One of the common arguments made by lawyers against preparing your own Will is that “the law changes all the time and so your Will may no longer be valid”. I think it’s worth exploring this statement a little bit to see if there is any substance to the claim.
Let us start by discussing what makes a document a legal Will. If you type on a piece of paper “this is my last Will and Testament”, name an Executor, describe how you wish your possessions to be distributed, and then sign and date the document in the presence of two witnesses who also sign, you have a basic, but perfectly legal, Last Will and Testament. This is of course not recommended, because there are other matters to include; for example, alternate plans, plans for minor beneficiaries, guardians for minors, and then of course there are your legal obligations within the Will, for example, providing for a spouse or dependents. Very quickly, you can see why the law has an impact on the creation of a Will, and this is why we provide three very different services; www.legalwills.ca, www.uslegalwills.com and www.legalwills.co.uk for our Canadian, US and UK customers respectively. Each service is shaped by the law for that jurisdiction and within the US and Canada there are variations for each Province and State.
The legal variations from one jurisdiction to another include things like the age at which you can make a Will, the number of witnesses required to sign, and what you can legally do within the Will, for example, disinherit a spouse. In fact, most of the variations in the law affect the help text, rather than the final document itself. So how likely is it for a law to change that would make a Will kit invalid?
Laws do change. One of the most high-profile estate planning changes has been with same-sex marriage; a few years ago in most jurisdictions if a person died without a Will, and they left a same-sex partner, the surviving partner would have no claims on the estate, even if they had co-habited for decades. This is changing and the law is recognising the rights of surviving same-sex partners. However, this change in the law does not actually affect Wills, it has a major impact on people dying without a Will.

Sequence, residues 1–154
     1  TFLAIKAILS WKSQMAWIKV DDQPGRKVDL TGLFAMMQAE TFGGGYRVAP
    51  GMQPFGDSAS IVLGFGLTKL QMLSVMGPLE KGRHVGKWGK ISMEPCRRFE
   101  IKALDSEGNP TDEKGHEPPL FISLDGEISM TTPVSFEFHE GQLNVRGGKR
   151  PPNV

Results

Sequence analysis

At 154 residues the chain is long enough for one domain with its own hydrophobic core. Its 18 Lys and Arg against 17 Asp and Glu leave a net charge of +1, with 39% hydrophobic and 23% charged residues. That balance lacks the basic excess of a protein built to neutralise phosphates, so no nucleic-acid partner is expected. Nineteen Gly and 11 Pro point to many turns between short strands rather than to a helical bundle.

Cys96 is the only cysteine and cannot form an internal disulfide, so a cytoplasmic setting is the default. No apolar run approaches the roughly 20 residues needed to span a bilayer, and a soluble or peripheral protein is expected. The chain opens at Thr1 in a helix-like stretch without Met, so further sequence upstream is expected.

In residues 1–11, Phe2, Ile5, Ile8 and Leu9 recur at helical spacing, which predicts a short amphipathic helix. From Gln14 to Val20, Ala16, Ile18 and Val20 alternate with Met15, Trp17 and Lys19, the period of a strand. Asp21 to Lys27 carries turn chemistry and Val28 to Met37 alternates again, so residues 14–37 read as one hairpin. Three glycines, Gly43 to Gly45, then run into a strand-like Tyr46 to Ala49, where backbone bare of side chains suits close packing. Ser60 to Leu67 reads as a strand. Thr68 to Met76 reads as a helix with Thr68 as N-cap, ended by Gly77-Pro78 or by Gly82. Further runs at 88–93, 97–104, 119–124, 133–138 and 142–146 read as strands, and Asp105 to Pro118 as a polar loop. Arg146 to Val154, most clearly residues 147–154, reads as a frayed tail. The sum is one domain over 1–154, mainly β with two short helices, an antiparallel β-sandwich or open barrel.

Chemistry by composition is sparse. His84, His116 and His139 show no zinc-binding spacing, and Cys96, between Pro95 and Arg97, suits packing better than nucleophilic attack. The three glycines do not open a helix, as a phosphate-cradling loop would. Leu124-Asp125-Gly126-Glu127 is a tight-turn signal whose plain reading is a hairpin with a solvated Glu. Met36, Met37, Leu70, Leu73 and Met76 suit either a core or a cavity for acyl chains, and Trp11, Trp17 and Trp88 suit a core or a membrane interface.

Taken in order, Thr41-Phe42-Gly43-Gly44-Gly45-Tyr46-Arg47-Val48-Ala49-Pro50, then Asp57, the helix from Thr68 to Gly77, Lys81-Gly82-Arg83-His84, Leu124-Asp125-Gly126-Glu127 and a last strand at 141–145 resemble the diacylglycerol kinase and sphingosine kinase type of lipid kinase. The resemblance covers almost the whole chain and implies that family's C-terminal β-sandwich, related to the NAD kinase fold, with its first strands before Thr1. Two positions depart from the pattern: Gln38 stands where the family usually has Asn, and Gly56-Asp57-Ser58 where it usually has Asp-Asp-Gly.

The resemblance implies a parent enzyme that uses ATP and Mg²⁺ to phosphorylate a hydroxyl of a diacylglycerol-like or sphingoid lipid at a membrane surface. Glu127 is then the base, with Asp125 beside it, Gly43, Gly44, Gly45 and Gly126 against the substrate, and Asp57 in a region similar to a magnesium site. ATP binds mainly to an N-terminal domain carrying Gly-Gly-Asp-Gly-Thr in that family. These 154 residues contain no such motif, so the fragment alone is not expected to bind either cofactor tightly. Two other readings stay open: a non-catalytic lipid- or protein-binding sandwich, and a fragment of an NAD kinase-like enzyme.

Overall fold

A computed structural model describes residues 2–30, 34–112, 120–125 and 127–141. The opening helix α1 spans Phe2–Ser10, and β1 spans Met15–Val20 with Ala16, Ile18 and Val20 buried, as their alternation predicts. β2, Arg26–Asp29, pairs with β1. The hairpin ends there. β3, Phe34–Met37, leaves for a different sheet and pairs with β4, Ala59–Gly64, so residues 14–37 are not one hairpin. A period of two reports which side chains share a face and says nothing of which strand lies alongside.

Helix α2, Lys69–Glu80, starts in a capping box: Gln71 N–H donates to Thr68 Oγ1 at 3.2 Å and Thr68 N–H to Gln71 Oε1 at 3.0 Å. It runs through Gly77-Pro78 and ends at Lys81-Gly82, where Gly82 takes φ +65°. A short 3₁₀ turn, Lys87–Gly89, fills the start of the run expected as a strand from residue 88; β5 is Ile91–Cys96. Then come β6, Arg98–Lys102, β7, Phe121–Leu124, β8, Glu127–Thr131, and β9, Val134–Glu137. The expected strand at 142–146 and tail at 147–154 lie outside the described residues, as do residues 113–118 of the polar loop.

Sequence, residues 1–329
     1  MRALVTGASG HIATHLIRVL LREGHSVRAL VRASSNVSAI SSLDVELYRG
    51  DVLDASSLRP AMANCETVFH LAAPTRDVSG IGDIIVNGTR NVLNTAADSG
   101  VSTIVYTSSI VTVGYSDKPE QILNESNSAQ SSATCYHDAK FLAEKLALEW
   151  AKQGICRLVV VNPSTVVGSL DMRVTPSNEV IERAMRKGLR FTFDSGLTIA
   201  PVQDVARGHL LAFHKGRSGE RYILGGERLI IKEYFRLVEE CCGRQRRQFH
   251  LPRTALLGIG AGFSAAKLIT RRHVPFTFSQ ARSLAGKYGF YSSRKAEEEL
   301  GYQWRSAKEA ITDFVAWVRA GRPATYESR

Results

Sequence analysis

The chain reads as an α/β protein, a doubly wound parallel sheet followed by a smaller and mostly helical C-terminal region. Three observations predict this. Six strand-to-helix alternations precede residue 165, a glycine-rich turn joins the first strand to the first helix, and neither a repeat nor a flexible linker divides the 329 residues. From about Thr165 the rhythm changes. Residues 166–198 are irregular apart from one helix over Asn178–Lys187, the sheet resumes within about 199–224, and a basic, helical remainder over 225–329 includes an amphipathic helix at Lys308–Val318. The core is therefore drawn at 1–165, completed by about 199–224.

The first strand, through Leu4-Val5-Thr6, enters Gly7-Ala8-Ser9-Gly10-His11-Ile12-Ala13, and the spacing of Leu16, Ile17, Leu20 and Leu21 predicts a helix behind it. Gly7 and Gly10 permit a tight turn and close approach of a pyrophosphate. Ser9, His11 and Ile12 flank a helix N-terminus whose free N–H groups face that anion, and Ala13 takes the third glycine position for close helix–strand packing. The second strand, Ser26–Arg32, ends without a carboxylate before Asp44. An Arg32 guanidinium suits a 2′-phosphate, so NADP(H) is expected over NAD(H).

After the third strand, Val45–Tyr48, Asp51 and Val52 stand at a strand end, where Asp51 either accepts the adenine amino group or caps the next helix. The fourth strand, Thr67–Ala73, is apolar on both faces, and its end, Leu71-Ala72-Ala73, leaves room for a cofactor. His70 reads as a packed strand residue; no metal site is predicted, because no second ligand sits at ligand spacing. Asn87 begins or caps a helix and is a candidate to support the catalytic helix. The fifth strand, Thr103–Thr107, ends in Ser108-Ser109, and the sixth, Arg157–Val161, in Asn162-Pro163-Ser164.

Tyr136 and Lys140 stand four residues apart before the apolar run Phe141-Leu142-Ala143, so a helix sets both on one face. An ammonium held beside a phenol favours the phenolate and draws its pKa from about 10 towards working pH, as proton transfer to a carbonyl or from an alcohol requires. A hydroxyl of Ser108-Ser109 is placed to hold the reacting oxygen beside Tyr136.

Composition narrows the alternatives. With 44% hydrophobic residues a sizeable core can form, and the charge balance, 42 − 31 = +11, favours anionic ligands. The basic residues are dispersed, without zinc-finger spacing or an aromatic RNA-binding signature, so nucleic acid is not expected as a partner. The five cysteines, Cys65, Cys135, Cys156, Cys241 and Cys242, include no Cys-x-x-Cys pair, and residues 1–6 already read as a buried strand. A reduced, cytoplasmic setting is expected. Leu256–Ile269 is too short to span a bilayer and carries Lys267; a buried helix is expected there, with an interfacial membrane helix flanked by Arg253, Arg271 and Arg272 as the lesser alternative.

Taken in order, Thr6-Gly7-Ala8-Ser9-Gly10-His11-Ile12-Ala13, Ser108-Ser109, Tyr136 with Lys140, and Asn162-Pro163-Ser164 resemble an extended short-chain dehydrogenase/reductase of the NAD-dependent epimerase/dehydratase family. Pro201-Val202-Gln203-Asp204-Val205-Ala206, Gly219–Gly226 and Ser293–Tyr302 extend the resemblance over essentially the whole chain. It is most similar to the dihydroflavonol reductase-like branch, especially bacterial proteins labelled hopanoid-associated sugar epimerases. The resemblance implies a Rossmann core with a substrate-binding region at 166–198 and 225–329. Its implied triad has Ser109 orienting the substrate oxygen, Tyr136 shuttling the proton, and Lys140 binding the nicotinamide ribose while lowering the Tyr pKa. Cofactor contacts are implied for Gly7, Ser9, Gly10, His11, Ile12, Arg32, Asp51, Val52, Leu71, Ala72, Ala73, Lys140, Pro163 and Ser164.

The other laws that change are inheritance laws, particularly as it relates to taxation. The US has seen almost annual changes in estate tax law from the 2010 repeal to the 2011 $5 million threshold. But again, these changes do not affect the creation of a Will (although it may cause people to look at different estate planning strategies).
Is it therefore possible, as some estate planning lawyers claim, that you could pick up a do-it-yourself Will kit that would be invalidated because of a change in the law? For the most part, “fill in the blanks” kits are so vague that it would be difficult for them to be invalidated. They are often not much more than a blank sheet of paper, and so it would take a radical law change to make the kit out of date. Of course, any accompanying guide could be outdated, and also, the testator’s plan could be illegal, but the kit itself would probably not have to be pulled from the shelves.
However, once in a while a law is changed that could make kits no longer legal, and this type of law is coming into effect this year in British Columbia. Before this law change, estate planning in the Province was for the most part based on the Wills Act of 1837, and the last major review was in 1920. The change of the law is significant and includes things as simple as changing the term “testator” to “will-maker”, but the more significant change is the philosophy to ensure that a deceased person’s last wishes are to be respected, even if the document containing those wishes does not strictly meet the requirements of a will. This allows the court to correct errors in the formal execution of a will. Furthermore the law is changed to no longer automatically revoke (cancel) a Will when a person gets married. It also allows a person to write a Will at 16 (rather than the current 19). The list goes on, and there are many other interesting changes to the law that need to be considered by will-makers.
Of course, it’s important to note that no law would invalidate all Wills made before the Will came into effect.
We are conducting a through review of our services to ensure that any changes required by this new law are updated for our BC customers. There is a good chance that a kit purchased in a stationery store would not undergo this type of review, but of course, legal professionals working in BC certainly know about the law changes.
In summary to answer the initial question; is it possible for a do-it-yourself kit to be invalidated by a change in the law? possibly. And this is just one more reason why we steer people away from kits like this. Either using the services of a legal professional, or using an interactive service like the one at LegalWills is probably the best way to guard against this.